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Barbara Walters, celebrated news anchor, dies at 93

Barbara Walters, a pioneering TV journalist recognized for her tenacious interviewing skills, has died at 93.


“Barbara Walters passed away peacefully in her home surrounded by loved ones. She lived her life with no regrets. She was a trailblazer not only for female journalists but for all women,” Walters’ spokesperson Cindi Berger told CNN in a statement.


Born September 25, 1929, in Boston, Walters grew up around celebrities due to her father’s career, one reason she never appeared fazed by interviewing the rich and famous. She graduated from Sarah Lawrence College in 1953 and pursued journalism.


Beginning her broadcast career in 1961 as a reporter, writer, and panel member for NBC’s “Today” show, Walters went on to co-host the program in 1974 and join ABC News as the first female anchor on an evening news program in 1976. At ABC, Walters launched segments such as ‘The Barbara Walters Specials” and “10 Most Fascinating People” before becoming a co-host and correspondent for ABC News’ “20/20” in 1984. While working, she interviewed every US president and first lady since Richard and Pat Nixon.


For more than fifty years, Walters was a household name in broadcast journalism, consistently on air either speaking with world leaders, in celebrities’ homes for her regular “Barabara Walters Specials” or on “The View,” a daytime talk show in which a diverse panel of women discuss the latest headlines.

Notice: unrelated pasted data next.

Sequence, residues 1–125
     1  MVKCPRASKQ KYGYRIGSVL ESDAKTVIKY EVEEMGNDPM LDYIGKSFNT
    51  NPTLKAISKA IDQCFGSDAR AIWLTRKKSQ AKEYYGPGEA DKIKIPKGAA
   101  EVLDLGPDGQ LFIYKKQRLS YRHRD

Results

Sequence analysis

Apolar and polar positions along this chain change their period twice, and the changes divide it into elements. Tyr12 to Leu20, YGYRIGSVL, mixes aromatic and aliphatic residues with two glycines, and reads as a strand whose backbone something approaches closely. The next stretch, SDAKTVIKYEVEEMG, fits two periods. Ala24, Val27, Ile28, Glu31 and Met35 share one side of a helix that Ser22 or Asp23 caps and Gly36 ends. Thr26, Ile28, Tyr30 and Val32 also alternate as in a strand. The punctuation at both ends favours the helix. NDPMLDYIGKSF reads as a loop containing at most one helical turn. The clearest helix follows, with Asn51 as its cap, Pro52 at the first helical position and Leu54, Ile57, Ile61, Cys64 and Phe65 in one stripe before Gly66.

Walters was notoriously competitive and an interviewer to be reckoned with. Having interviewed presidents, world leaders, and almost every imaginable celebrity, she had a reputation for eliciting honest answers and bringing her subjects to tears. 


To those, usually men, that perceived her as bold and questioned her forthright demeanor, she was not swayed by their criticism.


“If it’s a woman, it’s caustic; if it’s a man, it’s authoritative. If it’s a woman, it’s too pushy; if it’s a man, it’s aggressive in the best sense of the word,” she once observed.


Her programs, many of which she produced, amassed some of the highest-rated of their type and inspired several similar shows. She left “The View” in 2014 but remained a part-time contributor to ABC News for two years. 


“I knew it was time,” Walters told CNN’s Chris Cuomo at the time. “I like all the celebration, that’s great, but in my heart, I thought, ‘I want to walk away while I’m still doing good work.’ So I will.”


Looking upon the numerous women who had admired her throughout her career, Walters said they were her legacy.

“How do you say goodbye to something like 50 years in television?” she said in conclusion. “How proud when I see all the young women who are making and reporting the news. If I did anything to help make that happen, that is my legacy. From the bottom of my heart to all of you with whom I have worked and who have watched and been by my side, I can say: ‘Thank you.’”

As an aspiring journalist and young woman, I’m sad to see such a titan go. And while I may not muddy my shoes stepping into Walter’s exact footsteps, I hope to walk through the doors once wrenched open by her determination and relentless pursuit of the truth.

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